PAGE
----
Fast Thoughts: A Dissertation Reflection

I handed in my dissertation just over a week ago, since then I’ve had some time to reflect on a project that started off as just one good idea, then turned into something else. Which reminded me of something…

In the documentary ‘Steve McQueen: The Man and Le Mans‘ his first wife Niele Adams says that , “He wanted to leave his scratch marks on the history of filmmaking”.

Having re-watched the documentary I’ve realised this is what I was trying to do with my dissertation (FSLE, to give its official designation). I wanted to leave my scratch marks on academia. In the way McQueen wanted to show his passion for motorsport as something that could be taken seriously so did I. I took on a dissertation that was a passion first, applicable to something serious second.

This is not to say I am the Steve McQueen of academia but I can say that, through this essay, I have experienced problems with applying your passion to a far more serious environment. I can attest that I was full of confidence going in but afterwards feel a little sour in the mouth.

When the film was made McQueen was at his peak. The film, with John Sturges directing, should have been an instant hit. What happened was a disaster and the production was tumultuous. Filming was meant to take one month, instead it took four and it was 1.5 million dollars over budget. Such was the chaos that McQueen decided not to attend the premier and never raced cars again sticking instead to motorbikes. By all accounts, Le Mans drained him.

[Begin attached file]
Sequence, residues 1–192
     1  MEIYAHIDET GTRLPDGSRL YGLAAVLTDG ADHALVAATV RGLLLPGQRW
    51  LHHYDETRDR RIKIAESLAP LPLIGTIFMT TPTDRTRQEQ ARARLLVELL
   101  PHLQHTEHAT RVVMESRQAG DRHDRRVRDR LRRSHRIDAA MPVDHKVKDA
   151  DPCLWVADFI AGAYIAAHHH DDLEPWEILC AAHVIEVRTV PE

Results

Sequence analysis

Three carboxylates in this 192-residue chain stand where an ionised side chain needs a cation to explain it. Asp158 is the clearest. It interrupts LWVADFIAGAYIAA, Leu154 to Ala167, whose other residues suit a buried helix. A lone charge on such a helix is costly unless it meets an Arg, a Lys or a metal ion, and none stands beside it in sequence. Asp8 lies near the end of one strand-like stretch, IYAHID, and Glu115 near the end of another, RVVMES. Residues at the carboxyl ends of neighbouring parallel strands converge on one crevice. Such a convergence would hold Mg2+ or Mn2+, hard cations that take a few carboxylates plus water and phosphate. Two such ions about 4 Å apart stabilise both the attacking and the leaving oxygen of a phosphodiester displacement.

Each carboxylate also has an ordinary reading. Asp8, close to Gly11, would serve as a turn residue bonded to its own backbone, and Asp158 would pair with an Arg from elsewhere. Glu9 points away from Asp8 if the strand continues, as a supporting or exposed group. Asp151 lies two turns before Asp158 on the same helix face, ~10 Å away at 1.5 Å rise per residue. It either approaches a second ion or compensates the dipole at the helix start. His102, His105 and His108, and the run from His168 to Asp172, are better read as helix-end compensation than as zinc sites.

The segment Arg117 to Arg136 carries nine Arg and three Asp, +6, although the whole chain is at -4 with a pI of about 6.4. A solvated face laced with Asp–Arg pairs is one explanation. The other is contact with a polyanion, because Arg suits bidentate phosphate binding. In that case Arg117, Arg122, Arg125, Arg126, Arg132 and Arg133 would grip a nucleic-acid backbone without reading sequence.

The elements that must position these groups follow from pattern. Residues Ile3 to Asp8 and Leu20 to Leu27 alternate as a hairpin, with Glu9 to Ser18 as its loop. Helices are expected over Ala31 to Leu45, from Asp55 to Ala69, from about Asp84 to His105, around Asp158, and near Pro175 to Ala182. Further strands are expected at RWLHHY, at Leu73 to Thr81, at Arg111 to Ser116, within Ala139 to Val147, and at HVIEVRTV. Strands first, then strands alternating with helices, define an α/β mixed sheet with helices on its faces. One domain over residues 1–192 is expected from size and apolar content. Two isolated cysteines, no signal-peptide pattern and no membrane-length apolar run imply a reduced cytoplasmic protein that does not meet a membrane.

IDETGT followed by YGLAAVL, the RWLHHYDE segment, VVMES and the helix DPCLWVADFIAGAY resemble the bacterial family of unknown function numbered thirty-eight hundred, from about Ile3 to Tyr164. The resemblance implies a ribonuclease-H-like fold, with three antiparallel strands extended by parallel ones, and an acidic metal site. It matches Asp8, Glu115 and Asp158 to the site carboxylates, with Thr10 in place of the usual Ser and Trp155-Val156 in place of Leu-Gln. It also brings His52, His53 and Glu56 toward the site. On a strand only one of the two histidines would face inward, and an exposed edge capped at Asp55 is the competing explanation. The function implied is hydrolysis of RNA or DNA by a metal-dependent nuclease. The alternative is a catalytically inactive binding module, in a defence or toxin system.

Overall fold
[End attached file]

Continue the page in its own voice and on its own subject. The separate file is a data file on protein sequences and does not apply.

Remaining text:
So did this FSLE drain me in a small way. When you do a project like this, about a topic you love, there are two pressures. There is the academic pressure to do well, to do things properly, to reference, to footnote, to write in the correct style. However there is another artistic pressure that wants everything to be free flowing, that wants this to be a great artwork. To be an expression rather than an essay. Both of these pressures, balanced well with an emphasis on the academic side, are brilliant.

Yet, I will be the first to admit that there have been points where the secondary ‘artistic’ pressure has been dominant and resulted in some portentous writing. Though this was fixed in a week long editing process I am not completely happy with my FSLE. Just as Le Mans left a bitter taste in McQueen’s mouth, so did my FSLE leave a bitter taste in mine.

So, after the hand in, I ask myself the same question McQueen asked himself in The Man and Le Mans, “Should I have done it?”. I know from an academic side I shouldn’t because it was a risk. Weirdly though I feel it was the right decision.

Why? In the same way in racing you think about going flat out through a corner you’ve never been flat out through before, I would have kicked myself afterwards if I hadn’t given it a try.

Whether I crashed or not is still being decided.


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